Marc Berman
Marc BermanCourtesy

In less than a month, we will be celebrating Pesach (Passover), commemorating the liberation of the Jewish people from slavery in Egypt. The Torah tells us that, before they could enter the promised land of Eretz Yisrael, our ancestors had to wander 40 years in the Sinai desert after the Exodus. This allowed a new generation to arise that was untainted by the slave mentality that, understandably, characterized the generation that had known actual bondage.

I believe that, perhaps, the corollary message to this narrative is that it takes a society about 40 years to learn or unlearn its habits. Whether those habits are good ones or bad ones.

L’havdil, we can see this lesson manifest in the economic policies of the government of the United States of America today. About 40 years ago, the nation suffered an horrific bout of double-digit inflation, combined with economic stagnation. Hence the term “stagflation.”

This “malaise,” to use a term coined by the President who first presided over the mess, Jimmy Carter, was caused by years of runaway government spending. That, and the federal government essentially printing money in a vain attempt to close the budget gap. (The United States stopped entirely from backing its currency with gold in 1971.)

In short, the US spent untold billions of dollars in fighting an ineffectual war in Vietnam. And more billions in an ineffectual “war” on poverty.

Then, about 40 years ago, during the administration of President Ronald Reagan, the Federal Reserve Board, under its chairman Paul Volcker, adopted a “tight money” policy that caused an even deeper recession but whipped inflation. Tax cuts implemented by President Reagan eventually restored economic growth, and, indeed, prosperity.

However, though I was but a wee little lad during the 1970s, I can still remember the rise in antisemitism during that time. A trend which I believe was exacerbated by the economic woes of the period.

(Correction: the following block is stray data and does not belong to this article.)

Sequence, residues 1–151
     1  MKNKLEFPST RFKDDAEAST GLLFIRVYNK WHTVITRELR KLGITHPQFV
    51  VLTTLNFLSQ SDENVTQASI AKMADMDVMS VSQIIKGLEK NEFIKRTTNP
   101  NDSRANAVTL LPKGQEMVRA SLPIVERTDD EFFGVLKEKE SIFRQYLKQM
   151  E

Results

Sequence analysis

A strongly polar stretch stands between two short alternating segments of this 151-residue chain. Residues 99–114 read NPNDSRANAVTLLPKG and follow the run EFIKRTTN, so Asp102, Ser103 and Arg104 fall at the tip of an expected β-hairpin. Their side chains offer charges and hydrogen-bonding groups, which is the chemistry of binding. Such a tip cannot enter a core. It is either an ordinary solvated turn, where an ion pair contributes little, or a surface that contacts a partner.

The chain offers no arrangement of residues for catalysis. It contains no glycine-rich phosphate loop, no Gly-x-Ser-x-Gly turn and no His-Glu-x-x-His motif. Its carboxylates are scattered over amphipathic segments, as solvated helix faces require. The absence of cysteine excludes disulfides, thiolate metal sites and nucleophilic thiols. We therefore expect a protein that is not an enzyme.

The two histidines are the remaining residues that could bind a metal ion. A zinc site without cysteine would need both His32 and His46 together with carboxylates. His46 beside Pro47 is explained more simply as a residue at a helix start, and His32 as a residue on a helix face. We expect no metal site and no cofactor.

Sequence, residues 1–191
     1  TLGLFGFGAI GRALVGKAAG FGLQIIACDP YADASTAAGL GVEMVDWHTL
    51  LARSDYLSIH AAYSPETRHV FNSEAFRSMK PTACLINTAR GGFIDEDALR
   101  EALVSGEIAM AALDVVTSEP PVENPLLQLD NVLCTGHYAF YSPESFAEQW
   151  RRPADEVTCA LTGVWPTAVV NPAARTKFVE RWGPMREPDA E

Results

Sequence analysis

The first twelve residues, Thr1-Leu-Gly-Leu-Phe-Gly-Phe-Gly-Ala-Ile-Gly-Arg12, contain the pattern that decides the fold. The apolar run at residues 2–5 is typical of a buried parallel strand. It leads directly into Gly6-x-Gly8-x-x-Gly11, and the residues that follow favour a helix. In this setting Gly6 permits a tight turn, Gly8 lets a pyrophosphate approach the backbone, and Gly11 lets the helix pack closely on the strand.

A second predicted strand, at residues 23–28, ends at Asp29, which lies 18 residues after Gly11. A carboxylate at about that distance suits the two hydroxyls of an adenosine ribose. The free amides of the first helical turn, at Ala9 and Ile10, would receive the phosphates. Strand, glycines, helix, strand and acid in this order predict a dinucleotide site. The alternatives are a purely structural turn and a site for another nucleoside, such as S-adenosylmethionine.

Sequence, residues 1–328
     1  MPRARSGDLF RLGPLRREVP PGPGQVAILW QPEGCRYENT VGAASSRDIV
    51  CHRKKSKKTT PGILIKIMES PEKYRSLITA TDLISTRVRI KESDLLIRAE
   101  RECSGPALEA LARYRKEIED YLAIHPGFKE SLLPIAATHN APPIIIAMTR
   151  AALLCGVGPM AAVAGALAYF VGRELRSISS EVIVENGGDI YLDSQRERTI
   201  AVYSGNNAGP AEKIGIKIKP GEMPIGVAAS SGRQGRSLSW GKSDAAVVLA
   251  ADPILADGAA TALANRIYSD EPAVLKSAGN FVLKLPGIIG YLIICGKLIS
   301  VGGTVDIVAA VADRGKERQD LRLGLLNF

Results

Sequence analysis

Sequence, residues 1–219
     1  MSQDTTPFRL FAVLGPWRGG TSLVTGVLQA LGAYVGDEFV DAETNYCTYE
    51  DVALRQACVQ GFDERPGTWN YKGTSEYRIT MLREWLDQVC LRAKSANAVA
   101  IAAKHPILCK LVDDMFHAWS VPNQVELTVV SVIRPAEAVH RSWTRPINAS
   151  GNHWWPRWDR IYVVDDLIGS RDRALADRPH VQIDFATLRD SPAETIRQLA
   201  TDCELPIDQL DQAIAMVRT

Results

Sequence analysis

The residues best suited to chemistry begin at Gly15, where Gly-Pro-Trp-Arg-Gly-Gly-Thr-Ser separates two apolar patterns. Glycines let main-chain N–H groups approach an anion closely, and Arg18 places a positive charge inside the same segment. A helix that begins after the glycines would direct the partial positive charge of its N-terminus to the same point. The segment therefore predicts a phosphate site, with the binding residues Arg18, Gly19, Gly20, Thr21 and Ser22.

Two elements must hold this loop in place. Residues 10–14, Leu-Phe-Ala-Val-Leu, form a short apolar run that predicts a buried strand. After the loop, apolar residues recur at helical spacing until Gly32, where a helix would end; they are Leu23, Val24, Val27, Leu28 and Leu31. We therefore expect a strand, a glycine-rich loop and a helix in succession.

One famous example of what I am referring to was the infamous and open assembly of Nazis in Skokie, Illinois, a town that was home to many survivors of the Shoah (Holocaust). Another is the bumper stickers of the 70s that proclaimed “Burn Jews, Not Oil.”

Fast forward 40 years. Once more we have inflation in America approaching double digits. The war in Ukraine seems poised to only make the problem worse. Moreover, the stock market has declined precipitously, possibly pointing to a forthcoming economic downturn.

And what got us here again? In sum, we as a society seem to have forgotten all the lessons that we learned 40 years ago. We spent billions of dollars on prosecuting failed wars to create “democracies” in Iraq and Afghanistan. We wasted more mega-bucks on pork-laden social programs that actually have encouraged people not to work.

Ominously for the Jewish community in America, there is no reason to suppose that any economic cataclysm that may ensue will not result in a similar rise in antisemitism like in the 1970s.

We can only pray that the nation relearns the lessons of fiscal responsibility soon--and hopefully not the hard way.

Marc Berman writes on politics, law, culture, and religion. He can be reached at [email protected]. He is also a chazzan (cantor) whose latest recording, a cover of “Sunrise, Sunset” from “Fiddler on the Roof,” can be found here .